A total of 32 participants attended and successfully completed the one-week course, which provided essential information on the details of auditing procedures. The course participants were from government maritime authorities of Brunei Darussalam, Cambodia, China, Macau-China, Democratic People's Republic of Korea, India, Indonesia, Iran, Malaysia, Maldives, Pakistan, Philippines, Republic of Korea, Sri Lanka, Thailand and Vietnam. Four graduates of WMU were among them, namely: Captain Muhammad Aslam Shaheen of Pakistan (MSA-N 1998), Commander Luis M. Tuason Jr. of the Philippines (MSA-N 1995), LCDR Nate Sujjavanich of Thailand (MA 2002), and Mr. Vo Duy Thang of Vietnam (PM 2001).
The participants thanked the IMO and the China Maritime Safety Administration for the excellent course, with special mention to the Guangzhou Maritime Safety Administration for its excellent arrangements and kind hospitality.
WMU Graduate bridges Indonesia and Japan
JICA is working on a master plan of domestic shipping promotion in Indonesia as part of its technical cooperation for the country. Preparatory research and the making of the master plan will be undertaken by a consortium consisting of Japanese consultant companies which will work with the Indonesian Directorate General of Sea Communication.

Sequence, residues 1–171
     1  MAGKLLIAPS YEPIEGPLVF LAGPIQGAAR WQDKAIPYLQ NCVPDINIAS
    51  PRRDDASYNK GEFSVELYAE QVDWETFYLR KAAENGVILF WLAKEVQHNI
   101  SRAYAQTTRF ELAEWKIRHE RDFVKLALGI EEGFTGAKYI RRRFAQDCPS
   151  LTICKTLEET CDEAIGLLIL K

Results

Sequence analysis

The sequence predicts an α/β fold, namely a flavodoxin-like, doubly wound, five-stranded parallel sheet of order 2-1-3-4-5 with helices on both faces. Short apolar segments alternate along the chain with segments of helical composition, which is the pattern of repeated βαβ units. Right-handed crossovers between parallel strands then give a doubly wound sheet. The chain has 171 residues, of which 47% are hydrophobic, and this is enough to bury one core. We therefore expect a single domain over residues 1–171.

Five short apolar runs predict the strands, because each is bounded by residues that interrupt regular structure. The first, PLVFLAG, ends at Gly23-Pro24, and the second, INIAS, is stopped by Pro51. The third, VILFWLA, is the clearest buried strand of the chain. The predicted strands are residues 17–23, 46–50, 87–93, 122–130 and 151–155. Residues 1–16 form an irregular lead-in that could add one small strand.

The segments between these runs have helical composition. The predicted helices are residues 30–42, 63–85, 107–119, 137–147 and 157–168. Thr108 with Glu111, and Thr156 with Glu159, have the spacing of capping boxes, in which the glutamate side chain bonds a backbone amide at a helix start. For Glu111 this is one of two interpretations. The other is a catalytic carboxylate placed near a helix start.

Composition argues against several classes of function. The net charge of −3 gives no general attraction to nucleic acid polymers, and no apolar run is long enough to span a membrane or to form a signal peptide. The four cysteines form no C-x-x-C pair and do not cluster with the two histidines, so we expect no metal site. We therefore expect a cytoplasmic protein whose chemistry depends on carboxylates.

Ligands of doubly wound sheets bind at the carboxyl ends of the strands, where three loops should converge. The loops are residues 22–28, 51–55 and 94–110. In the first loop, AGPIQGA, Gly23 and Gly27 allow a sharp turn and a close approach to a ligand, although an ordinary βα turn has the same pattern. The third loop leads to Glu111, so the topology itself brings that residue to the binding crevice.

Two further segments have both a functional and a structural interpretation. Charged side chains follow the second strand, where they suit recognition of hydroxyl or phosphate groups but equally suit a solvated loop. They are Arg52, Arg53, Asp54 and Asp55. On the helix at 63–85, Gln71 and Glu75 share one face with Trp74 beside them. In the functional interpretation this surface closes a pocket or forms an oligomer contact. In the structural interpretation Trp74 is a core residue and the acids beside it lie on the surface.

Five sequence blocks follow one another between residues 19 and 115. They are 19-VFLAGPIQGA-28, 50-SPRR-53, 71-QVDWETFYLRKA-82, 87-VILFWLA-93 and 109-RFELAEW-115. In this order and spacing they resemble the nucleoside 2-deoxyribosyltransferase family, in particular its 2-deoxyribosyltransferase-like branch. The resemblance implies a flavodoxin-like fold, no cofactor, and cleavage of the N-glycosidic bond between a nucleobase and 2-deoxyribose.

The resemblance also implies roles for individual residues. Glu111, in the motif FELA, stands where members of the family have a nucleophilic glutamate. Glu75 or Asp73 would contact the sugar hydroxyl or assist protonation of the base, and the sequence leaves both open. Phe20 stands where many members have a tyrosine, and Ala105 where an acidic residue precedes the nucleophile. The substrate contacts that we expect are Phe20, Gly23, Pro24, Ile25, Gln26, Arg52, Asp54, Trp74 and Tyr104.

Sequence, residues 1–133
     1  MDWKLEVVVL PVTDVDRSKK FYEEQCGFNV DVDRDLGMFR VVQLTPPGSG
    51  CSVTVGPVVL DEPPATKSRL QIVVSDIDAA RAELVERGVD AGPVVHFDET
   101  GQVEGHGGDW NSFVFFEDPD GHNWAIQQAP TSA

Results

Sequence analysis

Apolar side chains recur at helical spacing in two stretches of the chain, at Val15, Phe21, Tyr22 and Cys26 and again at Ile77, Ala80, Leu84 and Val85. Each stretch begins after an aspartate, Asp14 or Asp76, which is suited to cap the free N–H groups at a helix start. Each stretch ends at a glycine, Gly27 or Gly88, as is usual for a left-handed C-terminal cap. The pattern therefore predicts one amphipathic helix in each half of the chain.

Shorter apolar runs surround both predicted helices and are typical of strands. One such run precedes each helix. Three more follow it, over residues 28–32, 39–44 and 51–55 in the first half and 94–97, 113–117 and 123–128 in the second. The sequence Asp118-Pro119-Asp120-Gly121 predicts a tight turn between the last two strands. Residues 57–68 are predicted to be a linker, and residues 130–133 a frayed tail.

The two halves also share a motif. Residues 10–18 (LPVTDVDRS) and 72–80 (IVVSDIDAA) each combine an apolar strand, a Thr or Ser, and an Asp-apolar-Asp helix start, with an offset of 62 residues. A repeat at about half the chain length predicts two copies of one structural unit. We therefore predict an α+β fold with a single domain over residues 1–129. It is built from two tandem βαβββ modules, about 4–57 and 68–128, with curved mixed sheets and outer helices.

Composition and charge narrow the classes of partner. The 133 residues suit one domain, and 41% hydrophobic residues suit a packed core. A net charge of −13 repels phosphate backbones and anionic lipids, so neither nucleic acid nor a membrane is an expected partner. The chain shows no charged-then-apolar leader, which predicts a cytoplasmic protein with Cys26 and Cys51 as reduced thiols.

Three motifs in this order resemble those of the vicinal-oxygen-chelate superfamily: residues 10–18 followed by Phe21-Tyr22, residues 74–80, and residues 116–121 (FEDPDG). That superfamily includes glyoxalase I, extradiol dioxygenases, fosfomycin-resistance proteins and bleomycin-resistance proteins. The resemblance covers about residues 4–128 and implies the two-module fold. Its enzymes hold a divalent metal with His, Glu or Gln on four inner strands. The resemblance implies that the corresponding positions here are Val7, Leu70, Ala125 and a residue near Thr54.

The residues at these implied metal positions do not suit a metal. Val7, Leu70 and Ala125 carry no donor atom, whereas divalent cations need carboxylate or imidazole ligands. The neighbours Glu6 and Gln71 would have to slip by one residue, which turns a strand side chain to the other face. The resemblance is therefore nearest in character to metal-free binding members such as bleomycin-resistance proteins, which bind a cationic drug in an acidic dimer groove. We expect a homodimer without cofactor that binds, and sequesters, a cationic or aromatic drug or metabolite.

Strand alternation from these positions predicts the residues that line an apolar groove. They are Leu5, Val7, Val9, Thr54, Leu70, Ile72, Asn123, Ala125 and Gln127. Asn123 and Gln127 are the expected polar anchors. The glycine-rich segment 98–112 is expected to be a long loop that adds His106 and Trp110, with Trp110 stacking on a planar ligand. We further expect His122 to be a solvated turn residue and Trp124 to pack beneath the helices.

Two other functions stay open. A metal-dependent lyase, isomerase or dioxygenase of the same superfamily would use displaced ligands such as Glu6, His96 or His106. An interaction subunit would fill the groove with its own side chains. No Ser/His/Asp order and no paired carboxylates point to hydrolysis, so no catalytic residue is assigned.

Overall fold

In December 2002, a kick-off meeting took place in Jakarta between DGSC and the Japanese partners, where the scope and method of research were discussed along with expected results.
Prior to the kick-off meeting, the Japanese partners paid a visit to a WMU Graduate at DGSC, Mr. Roy Kasiono, who is knowledgeable about legal aspects of Indonesian domestic shipping, and received from him suggestions on the foreign investment environment in Indonesia such as rules and regulations, business licenses and taxation, as well as advice on research policy and procedures. Mr. Kasiono kindly explained the Indonesian system of domestic shipping and introduced key persons from relevant government agencies and the shipping world.
Sasakawa Fellows participated in PSC training
In response to a request from IMG, the Tokyo MOU implemented the first joint training program for PSC officers from the Asia-Pacific region. From September 24 through October 11, 2002, eighteen people from the region gathered at the Overseas Shipbuilding Cooperation Center in Yokosuka to participate in the training program. Among the participants were two Sasakawa Fellows of the Class of 1996: Capt. Kyaw Zeya from Myanmar and Mr. A. F. M. Sirajul Islam from Bangladesh. The program included classroom lectures as well as practical training on PSC inspections.
Message from a colleague in IOI